We trust this discussion has been helpful, and we encourage you to find additional insights in our eBook, Top 11 Misconceptions About 1031 Exchanges, which you can download for free HERE

This is for informational purposes only, does not constitute as individual investment advice, and should not be relied upon as tax or legal advice. Please consult the appropriate professional regarding your individual circumstance. Because investors’ situations and objectives vary this information is not intended to indicate suitability for any particular investor. 

 DST 1031 properties are only available to accredited investors (typically have a $1 million net worth excluding primary residence or $200,000 income individually/$300,000 jointly of the last three years) and accredited entities only.  If you are unsure if you are an accredited investor and/or an accredited entity please verify with your CPA and Attorney. 

There are material risks associated with investing in DST properties and real estate securities including liquidity, tenant vacancies, general market conditions and competition, lack of operating history, interest rate risks, the risk of new supply coming to market and softening rental rates, general risks of owning/operating commercial and multifamily properties, short term leases associated with multi-family properties, financing risks, potential adverse tax consequences, general economic risks, development risks, long hold periods, and potential loss of the entire investment principal.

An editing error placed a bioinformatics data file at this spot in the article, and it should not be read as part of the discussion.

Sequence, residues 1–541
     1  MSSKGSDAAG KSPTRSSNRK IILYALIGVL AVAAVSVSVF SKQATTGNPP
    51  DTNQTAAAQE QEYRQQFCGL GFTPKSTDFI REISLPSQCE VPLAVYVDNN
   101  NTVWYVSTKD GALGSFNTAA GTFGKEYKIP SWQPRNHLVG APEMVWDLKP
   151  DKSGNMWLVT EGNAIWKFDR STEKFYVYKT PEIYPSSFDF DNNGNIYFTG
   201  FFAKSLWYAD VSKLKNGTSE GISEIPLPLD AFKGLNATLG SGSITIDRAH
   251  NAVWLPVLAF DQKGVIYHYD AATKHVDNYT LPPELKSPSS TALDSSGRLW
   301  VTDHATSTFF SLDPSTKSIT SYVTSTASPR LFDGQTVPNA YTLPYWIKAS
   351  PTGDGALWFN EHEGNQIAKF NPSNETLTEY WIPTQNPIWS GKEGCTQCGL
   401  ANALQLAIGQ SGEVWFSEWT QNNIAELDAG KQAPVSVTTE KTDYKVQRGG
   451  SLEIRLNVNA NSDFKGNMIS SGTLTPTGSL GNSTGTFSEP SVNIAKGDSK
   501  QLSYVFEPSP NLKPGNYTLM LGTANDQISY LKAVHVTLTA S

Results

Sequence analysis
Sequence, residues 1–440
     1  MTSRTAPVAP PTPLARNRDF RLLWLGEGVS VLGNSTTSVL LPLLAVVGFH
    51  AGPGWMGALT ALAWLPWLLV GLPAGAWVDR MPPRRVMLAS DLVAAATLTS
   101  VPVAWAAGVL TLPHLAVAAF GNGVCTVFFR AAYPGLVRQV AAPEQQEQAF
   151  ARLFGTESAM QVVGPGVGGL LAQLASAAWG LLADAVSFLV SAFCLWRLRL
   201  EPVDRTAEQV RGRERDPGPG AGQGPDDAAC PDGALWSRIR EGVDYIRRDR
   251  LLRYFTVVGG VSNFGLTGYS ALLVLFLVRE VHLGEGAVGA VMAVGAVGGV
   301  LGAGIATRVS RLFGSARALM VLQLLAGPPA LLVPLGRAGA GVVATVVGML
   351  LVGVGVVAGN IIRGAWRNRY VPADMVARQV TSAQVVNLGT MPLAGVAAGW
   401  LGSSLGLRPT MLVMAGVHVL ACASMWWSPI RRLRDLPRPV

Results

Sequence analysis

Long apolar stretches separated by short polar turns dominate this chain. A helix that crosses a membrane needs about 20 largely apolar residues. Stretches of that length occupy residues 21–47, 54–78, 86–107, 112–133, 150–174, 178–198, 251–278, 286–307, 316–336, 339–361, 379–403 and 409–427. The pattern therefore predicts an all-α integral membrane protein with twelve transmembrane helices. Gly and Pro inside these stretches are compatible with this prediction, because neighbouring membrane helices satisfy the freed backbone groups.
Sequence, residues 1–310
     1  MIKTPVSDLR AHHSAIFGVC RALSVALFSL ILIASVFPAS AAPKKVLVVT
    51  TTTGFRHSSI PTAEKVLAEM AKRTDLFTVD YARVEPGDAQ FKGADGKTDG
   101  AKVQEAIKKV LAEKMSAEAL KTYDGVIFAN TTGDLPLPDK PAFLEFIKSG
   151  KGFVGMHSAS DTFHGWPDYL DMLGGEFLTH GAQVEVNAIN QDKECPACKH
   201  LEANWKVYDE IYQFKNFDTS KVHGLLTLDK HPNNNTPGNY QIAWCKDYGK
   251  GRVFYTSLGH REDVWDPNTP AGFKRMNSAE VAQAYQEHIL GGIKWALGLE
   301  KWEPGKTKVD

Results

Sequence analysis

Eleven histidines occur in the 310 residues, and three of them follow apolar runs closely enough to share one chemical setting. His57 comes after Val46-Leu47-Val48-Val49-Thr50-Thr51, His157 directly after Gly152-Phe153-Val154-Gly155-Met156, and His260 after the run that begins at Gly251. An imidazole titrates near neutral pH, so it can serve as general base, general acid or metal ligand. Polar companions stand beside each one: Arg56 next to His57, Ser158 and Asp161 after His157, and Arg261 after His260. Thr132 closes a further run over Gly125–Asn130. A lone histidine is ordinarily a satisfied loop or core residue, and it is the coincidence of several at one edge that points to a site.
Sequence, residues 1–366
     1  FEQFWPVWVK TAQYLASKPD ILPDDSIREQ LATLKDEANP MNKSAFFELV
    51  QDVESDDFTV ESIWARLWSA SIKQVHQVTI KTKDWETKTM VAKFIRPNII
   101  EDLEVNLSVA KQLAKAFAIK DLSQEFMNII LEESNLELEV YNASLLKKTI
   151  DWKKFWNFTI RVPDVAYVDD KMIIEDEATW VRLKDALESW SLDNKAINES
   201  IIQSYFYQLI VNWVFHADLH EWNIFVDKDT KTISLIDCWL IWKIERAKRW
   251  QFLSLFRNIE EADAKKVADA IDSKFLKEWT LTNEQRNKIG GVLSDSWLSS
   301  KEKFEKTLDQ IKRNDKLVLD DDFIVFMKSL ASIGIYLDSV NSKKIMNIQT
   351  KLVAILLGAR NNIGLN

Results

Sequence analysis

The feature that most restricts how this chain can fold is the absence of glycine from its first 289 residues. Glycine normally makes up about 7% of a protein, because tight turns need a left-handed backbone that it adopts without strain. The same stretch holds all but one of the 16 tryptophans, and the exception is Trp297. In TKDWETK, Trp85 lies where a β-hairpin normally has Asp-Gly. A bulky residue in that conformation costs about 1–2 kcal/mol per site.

Potential cash flows/returns/appreciation are not guaranteed and could be lower than anticipated. Diversification does not guarantee a profit or protect against a loss in a declining market. It is a method used to help manage investment risk.

Securities offered through Concorde Investment Services, Inc. (CIS), member FINRA/SIPC. Insurance offered through Concorde Insurance Agency, Inc. (CIA) Halston Pacific is independent of CIS and CIA.